Chapter Two Short Stories

We have given a lot of space to short stories in Step by Step. There are several reasons for this:

  • We agree with Phillip Pullman when he says that “…after nourishment, shelter and companionship, stories are the thing we need most in the world.”
  • Stories are a good basis for discussions, writing and creativity.
  • Stories are an excellent medium for learning languages.
  • The written exam almost always has a question or two which invite pupils to use literary texts they have read.

The following very short short stories (maximum 60 words) have proved to be a useful introduction. It is easy for pupils to grasp the concepts of plot and setting, and although they are short, they illustrate the basic elements of a short story.

I let them work in pairs or small groups and try to come up with a good ending within the word limits. The original endings were “Your wife, she said, shooting him” and “Will you marry me? Yes.” The last time I used this exercise, several groups came very close to these endings, while others were acceptable, but to varying degrees.

The first story also illustrates how an author can hint at things without stating them specifically. The wine in the bedroom suggests intimacy. Mention of the wife introduces a complication. The reference to the gun is potentially ambiguous until the woman asks if he is going to shoot his wife himself. The man’s tone towards the woman is rather condescending, adding to the irony of the ending, when it comes.

It is of course possible to give pupils the complete stories at the outset, and spend more time on a discussion of the various aspects of the stories, rather than asking them to make up endings.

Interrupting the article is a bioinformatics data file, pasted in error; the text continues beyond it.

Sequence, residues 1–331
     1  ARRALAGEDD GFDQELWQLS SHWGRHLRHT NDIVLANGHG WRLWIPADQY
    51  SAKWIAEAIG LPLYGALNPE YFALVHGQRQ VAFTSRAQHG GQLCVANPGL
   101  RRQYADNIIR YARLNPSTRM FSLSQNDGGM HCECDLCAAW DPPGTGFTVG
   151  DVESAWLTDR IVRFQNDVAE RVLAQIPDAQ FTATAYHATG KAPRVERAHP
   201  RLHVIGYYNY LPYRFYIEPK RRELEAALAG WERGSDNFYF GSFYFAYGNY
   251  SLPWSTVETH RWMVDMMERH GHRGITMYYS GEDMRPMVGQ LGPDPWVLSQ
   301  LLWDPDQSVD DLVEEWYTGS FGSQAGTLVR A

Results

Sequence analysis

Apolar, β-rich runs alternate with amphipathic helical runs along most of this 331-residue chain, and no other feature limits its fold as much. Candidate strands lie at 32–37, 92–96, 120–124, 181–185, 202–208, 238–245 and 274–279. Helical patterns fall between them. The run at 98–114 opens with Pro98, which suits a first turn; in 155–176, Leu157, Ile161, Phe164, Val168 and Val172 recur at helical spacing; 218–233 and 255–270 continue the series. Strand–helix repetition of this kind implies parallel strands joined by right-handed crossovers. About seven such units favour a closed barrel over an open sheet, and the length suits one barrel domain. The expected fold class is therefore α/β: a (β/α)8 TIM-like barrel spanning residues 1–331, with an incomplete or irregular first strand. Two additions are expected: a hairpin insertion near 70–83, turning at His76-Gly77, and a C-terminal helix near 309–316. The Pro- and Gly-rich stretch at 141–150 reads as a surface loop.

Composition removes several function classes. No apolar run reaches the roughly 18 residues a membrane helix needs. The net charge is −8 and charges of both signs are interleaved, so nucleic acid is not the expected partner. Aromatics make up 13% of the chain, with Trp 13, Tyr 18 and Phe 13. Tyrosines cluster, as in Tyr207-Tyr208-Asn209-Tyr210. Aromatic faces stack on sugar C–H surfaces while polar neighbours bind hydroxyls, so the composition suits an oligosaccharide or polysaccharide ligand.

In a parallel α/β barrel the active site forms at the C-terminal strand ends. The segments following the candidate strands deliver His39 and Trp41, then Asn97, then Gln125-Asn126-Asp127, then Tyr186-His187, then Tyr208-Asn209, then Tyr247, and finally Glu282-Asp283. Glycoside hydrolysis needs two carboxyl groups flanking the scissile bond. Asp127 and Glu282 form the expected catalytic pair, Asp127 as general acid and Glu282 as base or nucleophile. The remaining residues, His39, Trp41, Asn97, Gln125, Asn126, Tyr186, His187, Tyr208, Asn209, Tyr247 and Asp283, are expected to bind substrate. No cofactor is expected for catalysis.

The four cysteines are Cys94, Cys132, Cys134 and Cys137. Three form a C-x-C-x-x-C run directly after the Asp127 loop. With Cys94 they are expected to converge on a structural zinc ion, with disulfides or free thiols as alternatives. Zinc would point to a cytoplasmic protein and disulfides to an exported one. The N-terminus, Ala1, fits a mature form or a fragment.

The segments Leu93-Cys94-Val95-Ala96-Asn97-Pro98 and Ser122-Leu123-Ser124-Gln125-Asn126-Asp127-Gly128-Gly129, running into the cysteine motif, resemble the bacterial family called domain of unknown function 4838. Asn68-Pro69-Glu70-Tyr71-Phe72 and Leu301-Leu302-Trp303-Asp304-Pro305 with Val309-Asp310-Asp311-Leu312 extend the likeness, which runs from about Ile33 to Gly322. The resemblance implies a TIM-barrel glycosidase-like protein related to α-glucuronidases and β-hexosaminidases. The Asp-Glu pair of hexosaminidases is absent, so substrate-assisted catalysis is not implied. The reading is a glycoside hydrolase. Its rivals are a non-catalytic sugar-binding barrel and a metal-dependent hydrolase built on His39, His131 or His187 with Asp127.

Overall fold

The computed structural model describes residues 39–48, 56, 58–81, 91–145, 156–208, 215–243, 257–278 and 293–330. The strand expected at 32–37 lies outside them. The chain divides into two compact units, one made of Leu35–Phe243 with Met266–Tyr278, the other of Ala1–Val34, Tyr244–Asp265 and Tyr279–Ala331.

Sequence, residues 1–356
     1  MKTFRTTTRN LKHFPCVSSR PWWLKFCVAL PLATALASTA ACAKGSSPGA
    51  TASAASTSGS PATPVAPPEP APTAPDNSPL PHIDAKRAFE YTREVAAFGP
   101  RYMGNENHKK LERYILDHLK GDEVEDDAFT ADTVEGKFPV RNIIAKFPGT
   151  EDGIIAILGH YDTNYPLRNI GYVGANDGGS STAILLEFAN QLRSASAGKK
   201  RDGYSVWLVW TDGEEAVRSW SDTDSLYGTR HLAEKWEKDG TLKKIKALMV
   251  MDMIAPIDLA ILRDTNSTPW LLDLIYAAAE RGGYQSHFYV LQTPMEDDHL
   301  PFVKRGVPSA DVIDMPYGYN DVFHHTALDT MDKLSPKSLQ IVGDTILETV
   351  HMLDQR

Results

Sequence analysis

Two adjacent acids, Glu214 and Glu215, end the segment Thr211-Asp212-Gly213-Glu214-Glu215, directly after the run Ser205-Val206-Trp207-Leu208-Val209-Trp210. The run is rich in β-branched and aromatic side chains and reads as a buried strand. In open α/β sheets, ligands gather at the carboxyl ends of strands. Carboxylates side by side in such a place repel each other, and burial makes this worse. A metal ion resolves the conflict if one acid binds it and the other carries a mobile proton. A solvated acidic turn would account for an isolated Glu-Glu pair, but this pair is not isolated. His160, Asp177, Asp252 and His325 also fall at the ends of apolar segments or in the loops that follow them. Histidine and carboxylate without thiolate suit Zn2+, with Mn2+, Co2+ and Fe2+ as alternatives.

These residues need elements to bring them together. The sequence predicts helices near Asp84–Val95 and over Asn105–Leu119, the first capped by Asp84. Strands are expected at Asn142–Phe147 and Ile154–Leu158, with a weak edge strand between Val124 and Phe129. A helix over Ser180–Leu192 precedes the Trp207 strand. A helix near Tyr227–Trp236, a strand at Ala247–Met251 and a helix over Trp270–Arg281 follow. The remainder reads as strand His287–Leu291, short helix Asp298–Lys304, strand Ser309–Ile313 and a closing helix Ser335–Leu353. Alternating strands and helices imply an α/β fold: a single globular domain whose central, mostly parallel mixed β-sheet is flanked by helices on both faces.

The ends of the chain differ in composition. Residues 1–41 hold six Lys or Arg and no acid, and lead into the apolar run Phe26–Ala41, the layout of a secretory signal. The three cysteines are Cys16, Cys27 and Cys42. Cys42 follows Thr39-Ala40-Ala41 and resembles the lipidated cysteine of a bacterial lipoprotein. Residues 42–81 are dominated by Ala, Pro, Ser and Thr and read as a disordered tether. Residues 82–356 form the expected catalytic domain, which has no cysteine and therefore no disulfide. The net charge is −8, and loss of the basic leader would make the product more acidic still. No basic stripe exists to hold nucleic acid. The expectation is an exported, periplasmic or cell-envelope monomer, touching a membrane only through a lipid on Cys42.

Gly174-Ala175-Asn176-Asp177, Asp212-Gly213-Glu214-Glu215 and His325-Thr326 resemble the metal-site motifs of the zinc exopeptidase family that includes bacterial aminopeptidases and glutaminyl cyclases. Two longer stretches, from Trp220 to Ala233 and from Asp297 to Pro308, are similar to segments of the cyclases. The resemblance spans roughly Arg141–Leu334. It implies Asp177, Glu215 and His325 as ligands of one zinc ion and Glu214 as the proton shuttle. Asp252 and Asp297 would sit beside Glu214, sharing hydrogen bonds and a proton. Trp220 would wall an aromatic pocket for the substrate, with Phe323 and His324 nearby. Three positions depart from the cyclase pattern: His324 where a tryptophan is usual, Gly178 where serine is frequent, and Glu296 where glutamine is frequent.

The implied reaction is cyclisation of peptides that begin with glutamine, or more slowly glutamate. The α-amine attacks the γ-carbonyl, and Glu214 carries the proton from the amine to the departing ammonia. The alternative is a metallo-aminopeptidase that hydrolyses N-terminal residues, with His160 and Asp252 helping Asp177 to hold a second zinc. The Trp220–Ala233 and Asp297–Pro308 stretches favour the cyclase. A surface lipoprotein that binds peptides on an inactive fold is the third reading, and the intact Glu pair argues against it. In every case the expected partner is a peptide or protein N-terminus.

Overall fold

Usually a short story (=novelle) focuses on one incident; has a single plot, a single setting, a small number of characters and takes place in a short period of time.

The following very short stories have a maximum of sixty words. The endings are missing. See if you can think of a good ending.

She lay on the bed as he came in with more wine.

“Is this for your wife? she asked, waving the gun she had found in the drawer.

“Yes,” he smiled.

“Are you going to shoot her yourself?

“Don’t be silly, darling, I’ll hire a professional.”

“Why not me?”

“Who’d hire a woman hitman?”

(6 words)

“Remember, the maximum is sixty,” she said.

“Miles per hour?” he asked, gripping the steering wheel harder.

“No, words. We cannot use more than sixty words.”

“But there are so many things I want to tell you. And things I want to ask you.”

“Sixteen left.”

“Sixteen?” he asked, shocked.

“Now we have exactly five.”

(5 words)

For all short stories

Spend time exploring other possible themes that the story might touch on, in addition to what stands out as the main one. This is useful because:

  • It underlines the fact that literature is many-faceted.
  • It enriches the reading experience.